TUESDAY TEASER

Tuesday Teaser is a meme begun by The Purple Booker and one I was introduced to on Brainfluff. The idea is to copy a few sentences from where you left off reading, or at random, so others might be teased to read the same book. Put your blog address if  you have one and post your Teaser. OR place your Teaser (don’t forget the book title and the author’s name) in the response section.

Today’s teaser is from blogging friend’s James J. Cudney’s third novel, Academic Curveball, from the Braxton Campus Mysteries, Book I.  Killan, the protagonist and narrator, is attending the funeral of a second murder victim who was his father’s assistant at Braxton College. He has just run into his grandmother, unexpectedly:

“What are you doing here, Nana D?” I asked crossing to the entrance of the funeral parlor.

“I had a few stops to make downtown today. Just thought since I was in the area, I should put in an appearance,” she said. Nana D was in her standard funeral outfit–a stylish, vintage dress cut just below the knees with a little bit of white trim on the hem. “I also needed to talk to you about Bridget.” (Nana D’s clarinet student who attends Braxton)

“I couldn’t believe how persistent she’d become about finding ways to bring us together but to be so pushy at a funeral service…”

Nana D has yet another clue to the identity of the murderer, “a scandalous conversation” Bridget overheard, one which might be the missing piece in the jigsaw of clues Killan, a substitute professor for the murdered professor (murder #1)  has been piecing together…

I am 74% through the book, and I have speculated many times on who the murderer is. However the novel has so many twists and turns that as sure I am right as I might be, some new information that makes me unsure again, emerges and turns my “theory” on it’s ear. The characters and plot are engaging, and the touches of humor and “typical” family drama between generations is handled awesomely. There are enough nostalgic memories of college life and college towns, with enough new/younger generation trends to keep all ages interested and wanting to turn the page.  Who will be the murderer? I have many clues to evaluate, but I don’t know. As in all good mysteries, “Something just doesn’t add up.” Cudney will surprise me at the end as he always does.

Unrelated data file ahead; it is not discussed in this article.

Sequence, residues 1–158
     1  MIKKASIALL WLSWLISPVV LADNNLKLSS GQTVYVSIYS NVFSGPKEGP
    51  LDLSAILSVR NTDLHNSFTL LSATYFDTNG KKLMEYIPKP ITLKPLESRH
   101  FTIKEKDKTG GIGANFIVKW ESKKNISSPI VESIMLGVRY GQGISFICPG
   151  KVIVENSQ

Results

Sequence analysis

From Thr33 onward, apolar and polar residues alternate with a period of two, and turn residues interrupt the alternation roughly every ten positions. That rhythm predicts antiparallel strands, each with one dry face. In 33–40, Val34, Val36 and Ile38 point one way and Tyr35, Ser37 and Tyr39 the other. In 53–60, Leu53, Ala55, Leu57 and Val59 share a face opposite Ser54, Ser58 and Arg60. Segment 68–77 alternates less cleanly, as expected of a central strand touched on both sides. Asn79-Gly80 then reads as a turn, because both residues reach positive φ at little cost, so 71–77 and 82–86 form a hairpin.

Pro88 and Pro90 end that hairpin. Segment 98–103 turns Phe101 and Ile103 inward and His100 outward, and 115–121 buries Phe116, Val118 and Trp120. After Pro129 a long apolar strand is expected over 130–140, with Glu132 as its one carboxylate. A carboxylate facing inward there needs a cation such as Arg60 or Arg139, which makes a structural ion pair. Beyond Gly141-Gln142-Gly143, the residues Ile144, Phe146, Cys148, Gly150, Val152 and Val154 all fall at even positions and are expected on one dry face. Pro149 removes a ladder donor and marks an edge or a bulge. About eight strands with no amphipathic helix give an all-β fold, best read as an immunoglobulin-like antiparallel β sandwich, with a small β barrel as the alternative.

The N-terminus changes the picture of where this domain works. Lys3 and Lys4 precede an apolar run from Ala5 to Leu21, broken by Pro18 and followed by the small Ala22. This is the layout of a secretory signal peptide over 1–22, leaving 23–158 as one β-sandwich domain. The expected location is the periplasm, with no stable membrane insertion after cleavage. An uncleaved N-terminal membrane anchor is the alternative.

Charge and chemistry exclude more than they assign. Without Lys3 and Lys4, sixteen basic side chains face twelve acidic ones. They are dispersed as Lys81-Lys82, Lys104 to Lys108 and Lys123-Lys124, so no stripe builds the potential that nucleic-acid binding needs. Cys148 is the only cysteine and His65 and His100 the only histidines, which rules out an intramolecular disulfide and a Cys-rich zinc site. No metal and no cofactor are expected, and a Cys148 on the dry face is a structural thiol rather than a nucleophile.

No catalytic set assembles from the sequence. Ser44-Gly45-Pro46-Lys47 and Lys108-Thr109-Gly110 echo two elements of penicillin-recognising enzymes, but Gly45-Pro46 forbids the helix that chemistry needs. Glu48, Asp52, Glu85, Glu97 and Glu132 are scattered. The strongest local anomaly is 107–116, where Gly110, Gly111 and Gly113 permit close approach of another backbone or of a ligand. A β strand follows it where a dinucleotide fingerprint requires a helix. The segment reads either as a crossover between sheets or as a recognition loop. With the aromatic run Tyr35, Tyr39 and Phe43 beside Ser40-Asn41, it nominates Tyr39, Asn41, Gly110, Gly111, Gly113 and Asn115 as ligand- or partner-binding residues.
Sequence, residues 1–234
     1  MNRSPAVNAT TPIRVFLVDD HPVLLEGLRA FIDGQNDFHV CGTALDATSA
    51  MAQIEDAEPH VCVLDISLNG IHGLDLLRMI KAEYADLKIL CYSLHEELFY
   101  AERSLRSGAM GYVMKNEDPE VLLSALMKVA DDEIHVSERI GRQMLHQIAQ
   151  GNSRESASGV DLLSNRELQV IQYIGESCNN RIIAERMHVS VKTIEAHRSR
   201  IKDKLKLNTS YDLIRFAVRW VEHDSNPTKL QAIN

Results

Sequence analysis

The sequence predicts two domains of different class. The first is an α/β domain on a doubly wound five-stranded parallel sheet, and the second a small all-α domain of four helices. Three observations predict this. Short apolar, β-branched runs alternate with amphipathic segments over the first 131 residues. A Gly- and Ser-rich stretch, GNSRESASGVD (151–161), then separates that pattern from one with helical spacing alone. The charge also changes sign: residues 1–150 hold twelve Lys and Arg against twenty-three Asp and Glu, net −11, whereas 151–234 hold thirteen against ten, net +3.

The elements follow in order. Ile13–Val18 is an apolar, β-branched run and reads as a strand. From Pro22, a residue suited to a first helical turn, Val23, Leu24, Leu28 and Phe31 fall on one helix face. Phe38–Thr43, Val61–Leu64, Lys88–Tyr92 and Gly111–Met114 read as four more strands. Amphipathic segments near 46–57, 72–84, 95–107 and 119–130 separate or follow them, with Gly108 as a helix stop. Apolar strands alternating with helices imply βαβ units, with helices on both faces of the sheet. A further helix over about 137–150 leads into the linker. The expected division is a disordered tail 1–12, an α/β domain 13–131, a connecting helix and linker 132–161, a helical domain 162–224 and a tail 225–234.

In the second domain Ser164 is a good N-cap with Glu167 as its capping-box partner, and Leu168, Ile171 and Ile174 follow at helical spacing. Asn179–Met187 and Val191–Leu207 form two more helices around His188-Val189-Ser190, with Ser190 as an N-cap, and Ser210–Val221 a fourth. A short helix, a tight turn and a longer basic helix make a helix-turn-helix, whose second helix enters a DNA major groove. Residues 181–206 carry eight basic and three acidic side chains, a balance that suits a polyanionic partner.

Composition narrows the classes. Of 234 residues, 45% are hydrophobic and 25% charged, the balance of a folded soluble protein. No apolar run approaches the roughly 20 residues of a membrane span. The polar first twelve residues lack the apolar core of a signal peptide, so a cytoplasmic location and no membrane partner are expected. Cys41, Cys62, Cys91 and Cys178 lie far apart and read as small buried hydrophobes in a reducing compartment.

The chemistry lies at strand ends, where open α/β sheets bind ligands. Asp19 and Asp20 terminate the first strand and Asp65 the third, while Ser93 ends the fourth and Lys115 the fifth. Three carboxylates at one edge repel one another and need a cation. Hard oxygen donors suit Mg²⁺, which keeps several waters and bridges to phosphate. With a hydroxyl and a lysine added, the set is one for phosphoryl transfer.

P.S. Book II of Braxton Campus Mysteries has just been published.

 

FIRST LINE FRIDAYS

This fun meme, which I discovered on Carla Loves to Read, an excellent blog, and hosted by Hoarding Books, asks that we copy the first line(s) of what we are reading.

Mine for Friday, August 31st, is from The Broken Earth series, a trilogy which My Better Half and I are taking turns reading aloud to each other.  We finished The Fifth Season,the first book as our summer reading project and are beginning the second book, The Obelisk Gate. N.K. Jemisin is the author of the trilogy.

The first lines of The Obelisk Gate:

“Hmm. No, I’m telling this wrong.

After all, a person is herself, and others.”

I can hardly wait for some down time during the Labor Day Holiday this weekend to cover a chapter or two.

If you would like to participate, (it doesn’t have to be on Friday), post First Lines on your blog. No blog? No problem. Enter your first line(s) in the comments box below this post.

 

FATHER FIGURE by James J. Cudney: A Review

This 2018 novel by blogger (“This Is My Truth Now”) and author (Watching Glass Shatter), is a wonderful read. It begins with a “teaser” opening.  One is approaching the two story cabin on the cover and sees two bodies, a man and a woman, who have just crashed through a window, lying on the ground. All we know from the police who have arrived is that one is dead, the other severely hurt.